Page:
When choosing a fire apparatus for your department, deciding where to place your attack lines can make a great deal of difference in how you handle a fire. There are different options provided by having your attack lines stored as crosslays in the front bumper or above your pump house that may benefit your department in different ways. Here are some important considerations for your next apparatus purchase:
Front Bumper Crosslays
When considering a front bumper crosslay, there are several benefits that can be found. First, the front bumper crosslay is incredibly convenient. To deploy attack lines, one only has to pull them from the front of the apparatus instead of climbing up to get them from above the pump. This also means front bumper crosslays are easier to use in accidents, as you can pull up to the accident without having to come up from the side or pull your hose from behind the apparatus. This is safer for the person in the accident due to it being so much quicker. Last, the bumper is a highly underutilized space, so storing your crosslays there gives it a purpose and saves space in the pumphouse.
However, there are some negatives to storing crosslays in the front bumper. First, it can be more dangerous in crashes. The weight on the front bumper caused by the crosslays means there will be far more damage done in the event of a head-on collision. Departments should also be careful of the size limitations on their apparatus, since the NFPA has rules dictating the sizes of bumpers allowed for fire apparatus. Last, front bumper crosslays can be harder to load or repack after being deployed, so it may take longer to replace them.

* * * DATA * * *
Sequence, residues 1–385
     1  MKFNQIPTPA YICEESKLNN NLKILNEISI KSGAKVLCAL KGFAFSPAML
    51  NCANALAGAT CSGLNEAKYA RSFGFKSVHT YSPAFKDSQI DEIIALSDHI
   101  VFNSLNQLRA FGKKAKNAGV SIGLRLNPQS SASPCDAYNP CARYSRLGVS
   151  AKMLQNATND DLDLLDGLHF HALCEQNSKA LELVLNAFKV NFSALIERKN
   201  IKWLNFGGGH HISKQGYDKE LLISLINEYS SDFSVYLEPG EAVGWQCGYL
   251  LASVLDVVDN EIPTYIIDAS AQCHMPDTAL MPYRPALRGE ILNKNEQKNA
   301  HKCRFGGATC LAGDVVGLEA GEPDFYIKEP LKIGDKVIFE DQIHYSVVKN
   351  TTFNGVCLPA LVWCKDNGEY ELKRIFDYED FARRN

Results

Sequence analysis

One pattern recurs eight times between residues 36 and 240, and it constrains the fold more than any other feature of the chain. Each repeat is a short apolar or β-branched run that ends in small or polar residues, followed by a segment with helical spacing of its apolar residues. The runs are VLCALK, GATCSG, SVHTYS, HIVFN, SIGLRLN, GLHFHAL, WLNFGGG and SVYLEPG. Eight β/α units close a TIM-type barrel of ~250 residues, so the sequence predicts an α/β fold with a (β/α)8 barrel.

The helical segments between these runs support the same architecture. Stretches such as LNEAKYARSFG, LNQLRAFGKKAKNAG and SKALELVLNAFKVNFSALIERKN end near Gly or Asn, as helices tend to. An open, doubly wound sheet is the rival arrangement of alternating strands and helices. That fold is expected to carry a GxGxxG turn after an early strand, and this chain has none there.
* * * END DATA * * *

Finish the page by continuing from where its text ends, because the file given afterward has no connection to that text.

Above Pump Crosslays
Storing your crosslays above the pumphouse provides a different set of advantages for your apparatus. This method of storage is typically quick to deploy and is likely a method of deployment that your firefighters already know. These crosslays are also usually standard features on apparatus, so it requires less customization on your apparatus.
In certain cases, above pump crosslays can be a safety hazard. If the crosslays are incredibly high up and hard to reach, it can waste precious seconds in a fire. The height can vary based on the pump house requirements and the design of the fire apparatus. This can be alleviated by lowering the crosslays if possible, but this has the potential to make things very tight in the pump house. The design of the apparatus can also reduce the hose capacity for this kind of crosslay.
Are you deciding which crosslay storage you want for your next apparatus? Call us today and we can help you choose what will work best for you and your department.